Car reviews - Nissan - Altima - range
Sharp pricing, smooth, comfortable ride, powerful sound-system, rear-seat comfort
Room for improvement
Some cheap-feeling interior materials, foot-operated park brake, droning four-cylinder thanks to continuously variable transmission
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26 Nov 2013
FIRST impressions of the new Nissan are good, with a look different enough to attract a curious glance or two but without making babies cry.
Clear-lensed tail-lights dotted with LEDs are an up-to-the-minute styling trick, while a pointy nose complimented by a flowing roofline give an impression of a sedan capable of eating up freeway kilometres with ease.
The 18-inch alloy wheels fitted as standard to the range-topping, V6-engined Ti-S complete the outside look but smaller 17- and 16-inch rims on less richly equipped variants variants still look the part.
Jump into the front row in any Altima and you will land on what Nissan calls “zero-gravity” seats, named in recognition of the NASA research used in their design.
According to Nissan, the design of the seats mimics the posture of those designed for astronauts in in zero-gravity. On Earth, they are meant to increase comfort and help to reduce fatigue on long journeys. In our Ti-S, the electrically adjustable seats trimmed in leather and synthetic hide did provide a good level of comfort.
Soft-touch dash and door trims add a sense of class to the cabin, which is only occasionally let down by some cheap-feeling plastic around steeringwheel switches, the centre console, and door handle cappings.
Another interior disappointment was the dated foot-operated parking brake thatate into the footwell space and felt unintuitive.
Comfort in the rear seats is just as pleasant as in the front ones, with acres of legroom for taller adults, good headroom, and decent visibility for both adult and child passengers.A dark tint in the top spec Ti-S creates an air of prestige as well as affording a sense of privacy.
The general feel of the interior is dark, understated and tasteful, with comfort for all occupants.A nine-speaker Bose sound system, fitted to all but the entry-level ST variant, remained sensationally crisp all the way to the top of the volume dial.
The view from the driver’s seat reveals a few other treats, including a seven-inch touchscreen to access the entertainment system, and another very neat four-inch screen displaying vehicle data nestled in the instrument cluster between the speedo and tacho.
Features such as cruisecontrol, dual-zone climate control and automatic headlights are standard even on the $29,990 entry-level ST, while more premium versions add lane departure warning, blind spot monitoring, satellite navigation and Xenon headlights.
The open road is where the Altima feels most at home, giving the impression it is capable of covering big distanceswith ease.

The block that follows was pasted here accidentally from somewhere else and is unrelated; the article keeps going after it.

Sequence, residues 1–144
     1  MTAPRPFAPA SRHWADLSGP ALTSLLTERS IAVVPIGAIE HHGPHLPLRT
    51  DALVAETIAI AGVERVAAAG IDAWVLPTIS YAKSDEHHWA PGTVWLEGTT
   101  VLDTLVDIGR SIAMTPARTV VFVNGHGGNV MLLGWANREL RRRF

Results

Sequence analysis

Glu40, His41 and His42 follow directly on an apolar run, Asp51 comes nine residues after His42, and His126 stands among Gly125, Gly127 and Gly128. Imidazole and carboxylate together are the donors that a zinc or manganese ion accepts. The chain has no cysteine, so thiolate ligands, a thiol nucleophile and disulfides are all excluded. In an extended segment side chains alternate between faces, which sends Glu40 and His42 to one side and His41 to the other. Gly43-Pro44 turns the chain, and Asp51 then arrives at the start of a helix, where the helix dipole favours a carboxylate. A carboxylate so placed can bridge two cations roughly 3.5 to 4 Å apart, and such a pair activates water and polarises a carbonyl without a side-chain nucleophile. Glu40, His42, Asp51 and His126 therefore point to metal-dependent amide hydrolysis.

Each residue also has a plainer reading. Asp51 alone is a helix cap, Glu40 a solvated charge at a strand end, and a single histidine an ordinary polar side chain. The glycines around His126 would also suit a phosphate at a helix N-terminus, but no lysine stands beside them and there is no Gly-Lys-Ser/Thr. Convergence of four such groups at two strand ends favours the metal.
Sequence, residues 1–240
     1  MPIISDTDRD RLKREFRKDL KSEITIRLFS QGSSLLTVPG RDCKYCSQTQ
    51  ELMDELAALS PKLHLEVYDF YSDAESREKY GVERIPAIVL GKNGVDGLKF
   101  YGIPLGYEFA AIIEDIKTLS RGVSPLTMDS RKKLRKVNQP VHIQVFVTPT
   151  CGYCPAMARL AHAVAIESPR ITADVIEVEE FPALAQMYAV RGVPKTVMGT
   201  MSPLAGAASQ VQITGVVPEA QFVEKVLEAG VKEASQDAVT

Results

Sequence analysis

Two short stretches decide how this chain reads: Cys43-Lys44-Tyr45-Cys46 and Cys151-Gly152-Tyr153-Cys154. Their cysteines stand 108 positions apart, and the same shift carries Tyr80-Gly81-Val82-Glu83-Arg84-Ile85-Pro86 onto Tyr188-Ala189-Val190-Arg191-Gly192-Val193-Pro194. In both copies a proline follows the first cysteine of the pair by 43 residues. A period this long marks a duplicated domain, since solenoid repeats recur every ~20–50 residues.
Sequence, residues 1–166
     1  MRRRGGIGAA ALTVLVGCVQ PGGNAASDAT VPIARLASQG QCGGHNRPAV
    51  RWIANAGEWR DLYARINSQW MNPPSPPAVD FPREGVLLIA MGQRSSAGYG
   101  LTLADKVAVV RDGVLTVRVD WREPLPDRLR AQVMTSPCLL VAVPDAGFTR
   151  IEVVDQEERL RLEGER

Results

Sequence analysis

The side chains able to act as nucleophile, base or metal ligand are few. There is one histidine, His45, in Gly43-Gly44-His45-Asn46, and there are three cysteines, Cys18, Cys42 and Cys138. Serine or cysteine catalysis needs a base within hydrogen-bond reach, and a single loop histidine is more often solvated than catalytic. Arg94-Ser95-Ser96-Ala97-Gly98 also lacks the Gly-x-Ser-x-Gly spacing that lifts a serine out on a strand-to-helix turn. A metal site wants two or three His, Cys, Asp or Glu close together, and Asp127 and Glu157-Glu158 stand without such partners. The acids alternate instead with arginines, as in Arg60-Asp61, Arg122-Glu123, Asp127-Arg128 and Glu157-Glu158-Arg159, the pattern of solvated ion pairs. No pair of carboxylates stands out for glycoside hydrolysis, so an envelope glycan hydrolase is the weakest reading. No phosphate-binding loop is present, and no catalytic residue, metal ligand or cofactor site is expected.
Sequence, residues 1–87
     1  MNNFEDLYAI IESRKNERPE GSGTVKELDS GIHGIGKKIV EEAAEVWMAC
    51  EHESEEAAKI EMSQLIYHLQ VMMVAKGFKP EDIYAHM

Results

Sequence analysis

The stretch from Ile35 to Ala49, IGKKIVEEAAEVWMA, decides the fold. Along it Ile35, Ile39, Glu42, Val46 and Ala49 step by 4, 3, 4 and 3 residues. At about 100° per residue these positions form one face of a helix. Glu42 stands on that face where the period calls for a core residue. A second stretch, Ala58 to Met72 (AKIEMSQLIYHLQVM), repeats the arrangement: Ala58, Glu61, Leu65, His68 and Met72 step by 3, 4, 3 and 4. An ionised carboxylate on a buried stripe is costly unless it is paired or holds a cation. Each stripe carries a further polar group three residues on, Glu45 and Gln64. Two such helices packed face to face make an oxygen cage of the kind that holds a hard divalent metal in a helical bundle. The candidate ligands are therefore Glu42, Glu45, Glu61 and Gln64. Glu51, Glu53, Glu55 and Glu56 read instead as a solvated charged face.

Minimal road noise was transmitted to the cabin even on the largest-diameterrims,while uneven surfaces did not upset the serenity.
Only the highest $45,390 Ti-S gets the silky 183kW/312Nm 3.5-litre V6 engine, but the lump was our pick over the equally refined, but less powerful 127kW/230Nm 2.5-litre four-cylinder powerplant.
Through twisty bits around the Dandenong Ranges that fringe eastern Melbourne, the Altima did struggle to remain composed while the traction-control light flickered frequently, especially over rough surfaces, with the tail going light over undulations.
The featherlight steering told little of what was going on underneath the car, but that said, a comfortable mid-size sedan from Nissan isn’t necessarily about point-to-point speed.
Both engines are mated to a continuously variable transmission, and while the rev-holding nature was more subtle when bolted to the V6, it was all too obvious when attached to the harder-working, but versatile four-cylinder engine.
Compared with the V6, though, the four-cylinder varieties handled better over the twisty sections of road, with less weight over the front wheels and more forgiving high-profile tyres — although they don’t get theadded engagement of the steering wheel-mounted gear-shift paddles fitted to the V6 version.
Nissan’s active understeer control system works effectively, automatically braking the inside wheel during corneringto pull the Altima around a corner and limit the plough-on tractionloss traditionallyassociatedwith front-wheel-drive cars.
Even a high-speed blast on the Phillip Island circuit just a day before its V8-engined sibling rolled out for battle in the V8 Supercars series wasn’t too much for the sensible Altima, which behaved well on the flawless surface.
With decent looks, competitive levels of equipment and pricing not a million miles away from Holden’s$28,490 Malibu, the more premium $33,460 Mazda6 and Toyota’s $30,490 Camry, the Nissan Altima is a bigdeal. No, make that a mid-size deal.
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